If anyone does the Christmas tradition of unwrapping and/or reading a Christmas book every night, this would be a great way to add to your collection!

Though, I may be the only one with some straggler Christmas stuff still needing to be put away, making it easy to toss some books for next year into the pile....

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Tuesday, January 8, 2013

What's for Dinner? January 2013

Here's what we've got on tap for January. We don't really use recipes, but if there's something in particular you're interested in, let me know and I'll make it a future blog post.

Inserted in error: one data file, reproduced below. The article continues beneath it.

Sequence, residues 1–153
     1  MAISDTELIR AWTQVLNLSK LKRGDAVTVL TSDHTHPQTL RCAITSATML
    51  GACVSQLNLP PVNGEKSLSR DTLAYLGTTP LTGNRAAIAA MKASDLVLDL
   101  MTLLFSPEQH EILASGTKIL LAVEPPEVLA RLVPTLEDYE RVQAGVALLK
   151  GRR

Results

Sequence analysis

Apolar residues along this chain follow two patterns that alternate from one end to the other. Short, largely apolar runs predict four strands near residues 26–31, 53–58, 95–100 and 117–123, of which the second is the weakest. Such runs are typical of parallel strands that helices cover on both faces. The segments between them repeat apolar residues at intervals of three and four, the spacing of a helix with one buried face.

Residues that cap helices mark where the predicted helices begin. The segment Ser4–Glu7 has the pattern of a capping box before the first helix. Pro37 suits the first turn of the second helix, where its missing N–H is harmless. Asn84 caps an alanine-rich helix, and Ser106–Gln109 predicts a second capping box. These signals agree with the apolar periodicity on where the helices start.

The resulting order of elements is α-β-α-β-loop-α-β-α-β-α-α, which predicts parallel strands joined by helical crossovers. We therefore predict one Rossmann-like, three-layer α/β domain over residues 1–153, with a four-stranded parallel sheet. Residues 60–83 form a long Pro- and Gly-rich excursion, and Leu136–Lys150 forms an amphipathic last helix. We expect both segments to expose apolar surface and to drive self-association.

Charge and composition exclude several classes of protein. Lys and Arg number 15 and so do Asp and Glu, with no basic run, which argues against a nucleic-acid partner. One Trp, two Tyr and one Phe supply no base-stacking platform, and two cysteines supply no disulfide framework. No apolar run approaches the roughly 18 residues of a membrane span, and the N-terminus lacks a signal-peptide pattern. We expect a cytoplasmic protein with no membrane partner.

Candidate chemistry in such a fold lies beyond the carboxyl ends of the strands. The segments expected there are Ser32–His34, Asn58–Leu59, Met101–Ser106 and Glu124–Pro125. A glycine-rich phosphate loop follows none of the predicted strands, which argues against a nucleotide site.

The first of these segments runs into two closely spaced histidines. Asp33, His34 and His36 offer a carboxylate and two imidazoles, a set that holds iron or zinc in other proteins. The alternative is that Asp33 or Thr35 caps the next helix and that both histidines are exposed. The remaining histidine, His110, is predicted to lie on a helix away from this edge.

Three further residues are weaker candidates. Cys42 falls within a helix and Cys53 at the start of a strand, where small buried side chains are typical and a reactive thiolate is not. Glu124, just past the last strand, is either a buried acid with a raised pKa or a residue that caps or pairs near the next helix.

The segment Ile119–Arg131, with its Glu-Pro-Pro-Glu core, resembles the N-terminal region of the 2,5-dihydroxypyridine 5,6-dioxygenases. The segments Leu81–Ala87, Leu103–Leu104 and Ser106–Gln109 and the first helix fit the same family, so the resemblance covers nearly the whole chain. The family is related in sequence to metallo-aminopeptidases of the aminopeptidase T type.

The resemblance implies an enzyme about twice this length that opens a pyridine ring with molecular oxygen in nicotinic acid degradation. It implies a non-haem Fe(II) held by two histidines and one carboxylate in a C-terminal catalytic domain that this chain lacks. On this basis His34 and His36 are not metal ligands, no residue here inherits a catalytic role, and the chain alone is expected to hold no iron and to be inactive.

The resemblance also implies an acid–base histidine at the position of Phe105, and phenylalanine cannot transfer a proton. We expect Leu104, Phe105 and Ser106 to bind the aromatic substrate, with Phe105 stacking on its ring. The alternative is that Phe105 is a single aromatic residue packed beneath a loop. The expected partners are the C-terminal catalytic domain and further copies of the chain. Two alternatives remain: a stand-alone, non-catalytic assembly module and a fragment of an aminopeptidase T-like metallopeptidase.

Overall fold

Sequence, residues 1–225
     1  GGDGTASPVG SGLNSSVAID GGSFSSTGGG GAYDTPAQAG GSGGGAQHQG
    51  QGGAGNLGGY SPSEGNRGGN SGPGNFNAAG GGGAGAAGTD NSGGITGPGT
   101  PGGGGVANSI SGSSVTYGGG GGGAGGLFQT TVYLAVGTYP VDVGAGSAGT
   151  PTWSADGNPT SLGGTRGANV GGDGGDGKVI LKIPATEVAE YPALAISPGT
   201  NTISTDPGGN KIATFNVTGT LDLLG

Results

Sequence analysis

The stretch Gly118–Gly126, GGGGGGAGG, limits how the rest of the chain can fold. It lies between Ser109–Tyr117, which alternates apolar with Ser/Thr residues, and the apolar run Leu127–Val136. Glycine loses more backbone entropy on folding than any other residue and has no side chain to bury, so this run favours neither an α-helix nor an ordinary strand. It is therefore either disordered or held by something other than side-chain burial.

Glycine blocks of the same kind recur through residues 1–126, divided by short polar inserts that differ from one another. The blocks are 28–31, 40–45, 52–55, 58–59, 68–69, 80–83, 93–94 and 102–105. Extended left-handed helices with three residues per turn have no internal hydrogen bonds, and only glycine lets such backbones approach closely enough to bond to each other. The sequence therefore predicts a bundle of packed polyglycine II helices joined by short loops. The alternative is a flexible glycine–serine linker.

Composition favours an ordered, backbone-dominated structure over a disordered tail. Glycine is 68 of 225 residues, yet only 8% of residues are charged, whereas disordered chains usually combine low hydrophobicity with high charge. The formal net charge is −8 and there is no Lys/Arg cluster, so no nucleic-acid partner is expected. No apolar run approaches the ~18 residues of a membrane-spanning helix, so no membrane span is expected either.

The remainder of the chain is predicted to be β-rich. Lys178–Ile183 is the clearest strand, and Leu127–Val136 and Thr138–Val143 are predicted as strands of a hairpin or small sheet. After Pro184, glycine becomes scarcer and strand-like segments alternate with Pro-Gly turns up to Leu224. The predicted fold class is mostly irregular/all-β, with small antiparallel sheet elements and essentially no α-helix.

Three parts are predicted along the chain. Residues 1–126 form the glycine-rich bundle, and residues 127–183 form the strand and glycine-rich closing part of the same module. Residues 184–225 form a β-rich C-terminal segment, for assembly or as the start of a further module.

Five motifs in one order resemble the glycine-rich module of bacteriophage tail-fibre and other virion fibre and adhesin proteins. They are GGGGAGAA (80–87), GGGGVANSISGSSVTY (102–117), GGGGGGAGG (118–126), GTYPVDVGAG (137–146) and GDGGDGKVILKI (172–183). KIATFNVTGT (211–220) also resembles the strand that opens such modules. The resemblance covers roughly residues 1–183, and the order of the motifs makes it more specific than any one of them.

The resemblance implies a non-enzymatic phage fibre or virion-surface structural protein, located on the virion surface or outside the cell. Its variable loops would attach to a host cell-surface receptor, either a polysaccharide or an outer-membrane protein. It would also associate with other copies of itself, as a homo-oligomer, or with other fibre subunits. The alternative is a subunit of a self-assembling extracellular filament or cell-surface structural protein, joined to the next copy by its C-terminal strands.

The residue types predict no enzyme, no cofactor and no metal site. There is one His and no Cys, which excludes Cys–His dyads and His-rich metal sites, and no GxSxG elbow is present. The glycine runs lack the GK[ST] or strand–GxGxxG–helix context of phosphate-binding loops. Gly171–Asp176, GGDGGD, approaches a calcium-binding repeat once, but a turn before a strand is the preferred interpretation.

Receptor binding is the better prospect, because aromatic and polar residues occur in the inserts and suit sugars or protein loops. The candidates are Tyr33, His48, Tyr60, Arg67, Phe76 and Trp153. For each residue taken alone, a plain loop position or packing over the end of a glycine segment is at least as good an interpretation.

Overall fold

Monday (Kids' Choice): spaghetti, crepes, pizza, hot dogs
Tuesday (Soup): chili, jambalaya, baked potato soup, posole, chicken lentil soup
Wednesday (International): Cajun hash, curry chicken, sweet and sour chicken, gyros
Thursday (Family Favorites): BBQ pulled pork, sloppy joes, hamburgers, meatball sandwiches, tortellini
Friday (Breakfast for Dinner/Babysitting Swap): hardboiled eggs/toast/applesauce, German pancakes

 Read about how we menu plan by the month.

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What's for Dinner? December

A little while ago, I posted about how we menu plan by the month. Basically we choose a "theme" for each night of the week and then fill out four of each thing. I thought I would start posting our monthly menus. Unfortunately, I don't have recipes, but if it gives you some new and different ideas, is always a good place to look for recipes.